Use your smarts, and technology, to be cyber-secure – at home, at work, at uni or out in the world.
1. Check if you’ve already been involved in a data breach
Visit haveibeenpwned.com and change those passwords for any accounts that it suggests may have been compromised.
2. Check the strength of your passwords
Test the strength of your passwords at howsecureismypassword.net (use something similar to your original password to test its strength).
When choosing a password, remember: the longer it is, the stronger it is. A strong password is at least 12 characters long and hard to guess.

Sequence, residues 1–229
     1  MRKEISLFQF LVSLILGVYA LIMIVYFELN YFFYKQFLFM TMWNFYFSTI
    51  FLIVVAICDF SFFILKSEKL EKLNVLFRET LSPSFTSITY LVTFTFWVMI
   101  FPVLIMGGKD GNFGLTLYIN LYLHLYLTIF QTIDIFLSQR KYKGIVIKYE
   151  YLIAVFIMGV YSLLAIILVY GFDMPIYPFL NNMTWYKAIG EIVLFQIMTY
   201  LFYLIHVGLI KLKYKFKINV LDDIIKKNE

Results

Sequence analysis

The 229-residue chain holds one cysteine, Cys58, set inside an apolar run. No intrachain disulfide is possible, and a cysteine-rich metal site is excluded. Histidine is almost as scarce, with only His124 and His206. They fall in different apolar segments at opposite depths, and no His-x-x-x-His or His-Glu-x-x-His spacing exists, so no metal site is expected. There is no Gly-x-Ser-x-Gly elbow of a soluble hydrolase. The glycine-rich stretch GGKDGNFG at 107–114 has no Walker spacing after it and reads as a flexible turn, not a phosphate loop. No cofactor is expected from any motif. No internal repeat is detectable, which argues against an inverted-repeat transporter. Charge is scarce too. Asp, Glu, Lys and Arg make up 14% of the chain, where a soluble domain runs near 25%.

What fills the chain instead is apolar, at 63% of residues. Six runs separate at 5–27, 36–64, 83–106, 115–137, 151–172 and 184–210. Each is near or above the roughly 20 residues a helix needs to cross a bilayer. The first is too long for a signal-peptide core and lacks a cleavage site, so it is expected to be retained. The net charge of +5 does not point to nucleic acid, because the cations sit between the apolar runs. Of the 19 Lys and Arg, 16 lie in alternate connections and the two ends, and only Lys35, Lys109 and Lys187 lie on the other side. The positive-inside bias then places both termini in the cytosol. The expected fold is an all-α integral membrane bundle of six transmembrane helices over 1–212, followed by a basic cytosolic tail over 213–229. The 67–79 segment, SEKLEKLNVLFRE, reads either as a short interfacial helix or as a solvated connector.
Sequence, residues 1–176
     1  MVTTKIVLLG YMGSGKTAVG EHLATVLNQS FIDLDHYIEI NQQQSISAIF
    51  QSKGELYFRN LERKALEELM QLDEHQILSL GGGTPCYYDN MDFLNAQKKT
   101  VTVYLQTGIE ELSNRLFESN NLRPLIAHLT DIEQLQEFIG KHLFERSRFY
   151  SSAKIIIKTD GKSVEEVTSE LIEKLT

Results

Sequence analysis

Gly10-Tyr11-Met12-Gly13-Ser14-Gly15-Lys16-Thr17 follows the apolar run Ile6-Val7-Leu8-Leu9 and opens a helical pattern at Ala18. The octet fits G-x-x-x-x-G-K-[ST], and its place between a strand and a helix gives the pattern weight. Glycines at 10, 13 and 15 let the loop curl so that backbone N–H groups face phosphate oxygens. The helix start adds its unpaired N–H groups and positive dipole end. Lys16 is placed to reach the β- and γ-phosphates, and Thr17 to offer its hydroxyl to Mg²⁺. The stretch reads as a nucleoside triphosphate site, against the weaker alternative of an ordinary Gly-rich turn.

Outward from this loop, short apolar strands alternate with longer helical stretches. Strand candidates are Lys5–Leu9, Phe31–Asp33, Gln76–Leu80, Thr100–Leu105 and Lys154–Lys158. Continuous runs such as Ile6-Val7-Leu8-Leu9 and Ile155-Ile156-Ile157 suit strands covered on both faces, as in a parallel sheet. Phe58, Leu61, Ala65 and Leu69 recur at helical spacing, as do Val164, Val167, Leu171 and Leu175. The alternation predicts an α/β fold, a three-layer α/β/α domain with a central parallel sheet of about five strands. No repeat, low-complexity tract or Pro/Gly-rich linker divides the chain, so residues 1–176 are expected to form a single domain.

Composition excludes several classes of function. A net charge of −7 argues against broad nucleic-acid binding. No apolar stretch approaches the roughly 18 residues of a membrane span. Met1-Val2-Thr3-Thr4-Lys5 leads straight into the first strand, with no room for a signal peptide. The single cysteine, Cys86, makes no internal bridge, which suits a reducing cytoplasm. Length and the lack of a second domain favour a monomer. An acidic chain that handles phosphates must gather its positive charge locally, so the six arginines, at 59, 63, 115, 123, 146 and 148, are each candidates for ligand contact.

Using a sentence is a great way to create a long password that you’ll never forget.
3. Avoid these passwords
The following passwords are considered the most common and easiest to crack – so if you’ve got any of these or similar variations, you should seriously considering changing them – quickly!
- 123456 (or any chronologically-ordered numbers)
So who’s most guilty of using ineffective passwords?
Sorry millennials, but you’re not doing great in the password stakes. Just 33% of millennials use secure passwords for all of their accounts, compared to 53% of baby boomers. Gen X-ers are (predictably) somewhere in the middle.